As I discussed last week, we have limited time for all the things we want and need to do, day to day and week to week. Spending time with the people we love, the people we enjoy seeing, the people whose company enhances our lives — nothing matters more, in my view. But I would also say it’s very nearly as important to avoid those encounters that rob us of joy, of energy, of confidence. Sometimes they can’t be avoided. We can choose our friends, the saying goes; we can’t choose our family. And, I would add, we can’t choose our friends’ friends. Nor can many of us choose our co-workers and the people we interact with in parts of our lives over which we have less control.

We do have a choice, though, as to how we engage with the people around us. What matters, it seems to me, is continuing to feed the relationships that nourish us in return, and to set strict boundaries around those that don’t. As I say, we can’t avoid entirely the people who aren’t good to us or for us. But we can keep them at arm’s length. And, on those occasions when we have to interact at greater length or in greater depth than we would like, we can remind ourselves at every opportunity of our own worth, and of the histories that let us know a given person can’t be relied upon or shouldn’t be trusted.

I should add here that I don’t want my glib solutions to minimize the dangers of a truly abusive relationship. Extricating oneself from such situations is far more complex and difficult than I have made all of this sound. There are excellent resources available for those who find themselves in such circumstances, and if you are in an abusive relationship, please, please, please seek professional help.

We have limited time. We have limited emotional energy. We deserve to have as much time as possible with the people we love and who love us back for who we are. I believe devoting time and energy to those relationships should be at the very top of the list of things that matter in our lives.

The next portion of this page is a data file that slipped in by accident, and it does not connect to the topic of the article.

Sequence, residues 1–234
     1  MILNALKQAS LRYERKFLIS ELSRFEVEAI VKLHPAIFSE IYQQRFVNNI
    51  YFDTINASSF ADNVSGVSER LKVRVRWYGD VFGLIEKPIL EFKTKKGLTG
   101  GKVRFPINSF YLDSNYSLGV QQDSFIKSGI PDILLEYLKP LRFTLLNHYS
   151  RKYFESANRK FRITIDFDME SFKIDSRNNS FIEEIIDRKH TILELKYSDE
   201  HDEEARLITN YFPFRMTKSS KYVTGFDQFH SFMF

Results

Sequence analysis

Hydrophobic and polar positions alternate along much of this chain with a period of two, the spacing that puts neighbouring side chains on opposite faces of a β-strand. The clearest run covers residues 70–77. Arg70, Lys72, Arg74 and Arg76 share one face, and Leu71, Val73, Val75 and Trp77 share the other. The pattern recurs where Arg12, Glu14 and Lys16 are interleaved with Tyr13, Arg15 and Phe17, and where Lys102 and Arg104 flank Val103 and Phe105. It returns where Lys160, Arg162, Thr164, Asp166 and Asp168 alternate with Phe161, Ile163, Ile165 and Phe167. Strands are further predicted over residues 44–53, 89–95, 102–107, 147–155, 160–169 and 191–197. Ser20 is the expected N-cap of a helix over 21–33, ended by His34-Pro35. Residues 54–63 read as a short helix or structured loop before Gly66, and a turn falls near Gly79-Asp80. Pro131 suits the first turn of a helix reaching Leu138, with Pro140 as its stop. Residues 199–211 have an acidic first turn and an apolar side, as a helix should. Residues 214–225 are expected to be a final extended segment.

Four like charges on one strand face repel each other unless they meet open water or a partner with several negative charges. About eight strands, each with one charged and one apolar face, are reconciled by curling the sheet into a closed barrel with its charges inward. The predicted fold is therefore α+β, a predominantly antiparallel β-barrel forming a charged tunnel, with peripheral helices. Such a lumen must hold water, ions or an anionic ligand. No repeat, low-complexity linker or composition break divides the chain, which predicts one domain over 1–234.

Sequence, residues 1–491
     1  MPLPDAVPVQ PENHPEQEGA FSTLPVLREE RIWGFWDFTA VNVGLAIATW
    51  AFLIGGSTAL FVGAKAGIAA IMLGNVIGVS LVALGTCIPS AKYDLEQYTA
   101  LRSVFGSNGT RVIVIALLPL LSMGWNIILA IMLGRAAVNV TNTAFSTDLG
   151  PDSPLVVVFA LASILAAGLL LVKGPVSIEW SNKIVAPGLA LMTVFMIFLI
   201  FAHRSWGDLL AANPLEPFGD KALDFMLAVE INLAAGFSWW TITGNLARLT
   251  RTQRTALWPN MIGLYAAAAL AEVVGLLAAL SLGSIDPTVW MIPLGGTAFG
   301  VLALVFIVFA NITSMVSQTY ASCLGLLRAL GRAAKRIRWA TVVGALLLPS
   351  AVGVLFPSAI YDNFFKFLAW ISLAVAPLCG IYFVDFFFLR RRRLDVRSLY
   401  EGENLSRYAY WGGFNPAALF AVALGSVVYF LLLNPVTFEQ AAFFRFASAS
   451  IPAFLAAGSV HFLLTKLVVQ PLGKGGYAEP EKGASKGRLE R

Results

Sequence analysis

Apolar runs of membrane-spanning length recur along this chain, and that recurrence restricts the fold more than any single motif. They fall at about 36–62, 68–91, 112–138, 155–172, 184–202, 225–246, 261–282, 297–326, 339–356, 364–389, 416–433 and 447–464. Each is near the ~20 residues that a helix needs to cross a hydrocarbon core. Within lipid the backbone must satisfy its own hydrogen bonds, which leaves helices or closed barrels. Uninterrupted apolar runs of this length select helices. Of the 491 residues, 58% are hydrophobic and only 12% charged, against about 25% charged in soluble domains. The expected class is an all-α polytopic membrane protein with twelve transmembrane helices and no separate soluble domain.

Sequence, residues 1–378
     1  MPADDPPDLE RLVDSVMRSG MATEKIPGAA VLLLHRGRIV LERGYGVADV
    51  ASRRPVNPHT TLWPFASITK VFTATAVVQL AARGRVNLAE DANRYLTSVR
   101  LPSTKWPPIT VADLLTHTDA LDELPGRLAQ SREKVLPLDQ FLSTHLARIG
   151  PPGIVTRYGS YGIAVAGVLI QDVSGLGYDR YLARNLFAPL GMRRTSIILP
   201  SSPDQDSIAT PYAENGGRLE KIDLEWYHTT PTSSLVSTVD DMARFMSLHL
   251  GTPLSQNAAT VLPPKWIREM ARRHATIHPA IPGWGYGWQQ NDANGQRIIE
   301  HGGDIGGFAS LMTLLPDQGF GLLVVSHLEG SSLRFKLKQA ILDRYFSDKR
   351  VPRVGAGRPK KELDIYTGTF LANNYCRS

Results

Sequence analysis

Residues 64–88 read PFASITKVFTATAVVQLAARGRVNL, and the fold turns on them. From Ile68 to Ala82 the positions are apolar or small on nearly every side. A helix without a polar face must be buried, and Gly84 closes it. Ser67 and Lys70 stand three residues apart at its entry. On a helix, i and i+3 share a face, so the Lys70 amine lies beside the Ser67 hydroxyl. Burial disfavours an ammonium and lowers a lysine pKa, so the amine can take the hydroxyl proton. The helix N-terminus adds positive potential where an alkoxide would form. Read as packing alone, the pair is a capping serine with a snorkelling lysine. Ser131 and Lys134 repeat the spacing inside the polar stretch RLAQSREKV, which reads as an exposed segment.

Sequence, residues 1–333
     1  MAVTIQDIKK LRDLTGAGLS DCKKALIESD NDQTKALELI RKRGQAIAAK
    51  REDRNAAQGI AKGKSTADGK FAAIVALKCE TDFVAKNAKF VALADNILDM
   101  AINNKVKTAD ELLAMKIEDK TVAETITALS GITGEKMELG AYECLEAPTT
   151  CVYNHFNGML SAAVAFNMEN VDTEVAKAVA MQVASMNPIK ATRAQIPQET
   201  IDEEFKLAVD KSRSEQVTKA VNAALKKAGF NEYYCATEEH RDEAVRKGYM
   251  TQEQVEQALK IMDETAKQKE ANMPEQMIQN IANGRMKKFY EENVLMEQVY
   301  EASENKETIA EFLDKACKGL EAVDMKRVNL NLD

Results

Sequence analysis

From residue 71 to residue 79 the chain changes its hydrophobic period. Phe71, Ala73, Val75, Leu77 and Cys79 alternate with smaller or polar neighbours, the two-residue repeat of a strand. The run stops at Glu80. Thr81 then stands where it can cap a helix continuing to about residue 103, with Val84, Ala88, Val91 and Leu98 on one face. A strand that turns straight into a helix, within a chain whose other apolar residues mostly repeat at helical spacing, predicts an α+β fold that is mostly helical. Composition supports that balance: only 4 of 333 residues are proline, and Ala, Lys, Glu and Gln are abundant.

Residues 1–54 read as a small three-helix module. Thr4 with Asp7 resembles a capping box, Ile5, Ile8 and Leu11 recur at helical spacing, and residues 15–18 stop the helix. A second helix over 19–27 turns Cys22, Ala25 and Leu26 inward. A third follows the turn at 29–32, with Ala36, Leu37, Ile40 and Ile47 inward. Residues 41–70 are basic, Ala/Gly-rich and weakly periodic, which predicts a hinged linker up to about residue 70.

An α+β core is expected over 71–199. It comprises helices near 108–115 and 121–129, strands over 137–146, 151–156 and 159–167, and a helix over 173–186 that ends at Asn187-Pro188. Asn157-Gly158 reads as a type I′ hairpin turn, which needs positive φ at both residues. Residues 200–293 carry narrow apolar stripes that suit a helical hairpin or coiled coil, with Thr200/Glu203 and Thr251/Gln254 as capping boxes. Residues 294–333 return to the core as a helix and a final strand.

Have a wonderful week.

Monday Musings: What Matters? Part II — Time

Last week, I began a series of posts addressing the question “What matters?” My point in doing so was to focus on the simple fact that we have finite amounts of time, of energy (physical and emotional), and of the other personal resources we allocate to various parts of our lives on a daily basis. To be honest, I don’t know exactly where this conversation is going. I only know that it interested me when I started thinking about it, and I figured it might take the blog in an interesting direction.

I don’t expect to come up with a lot of answers in these posts. In a way, the questions are the more important element of the conversation. Ultimately whatever answers I might find, whatever choices I might make, will be idiosyncratic, tailored entirely to my life, my priorities, my needs and wants and obligations. Again, the questions and thought process are likely to be far more informative.

Today, I want to talk about time. I mentioned in a couple of paragraphs last Monday that for much of 2022 I had failed to make time for two pursuits that I care about a great deal. And I glibly stated that I wanted to make more of an effort to play music and take photos in this new year. Of course, it’s not that easy. Not by a long shot. I want to make clear up front that I am not complaining about any of what I’m about to discuss. I love my life. I know how fortunate I am. But time issues are not easy.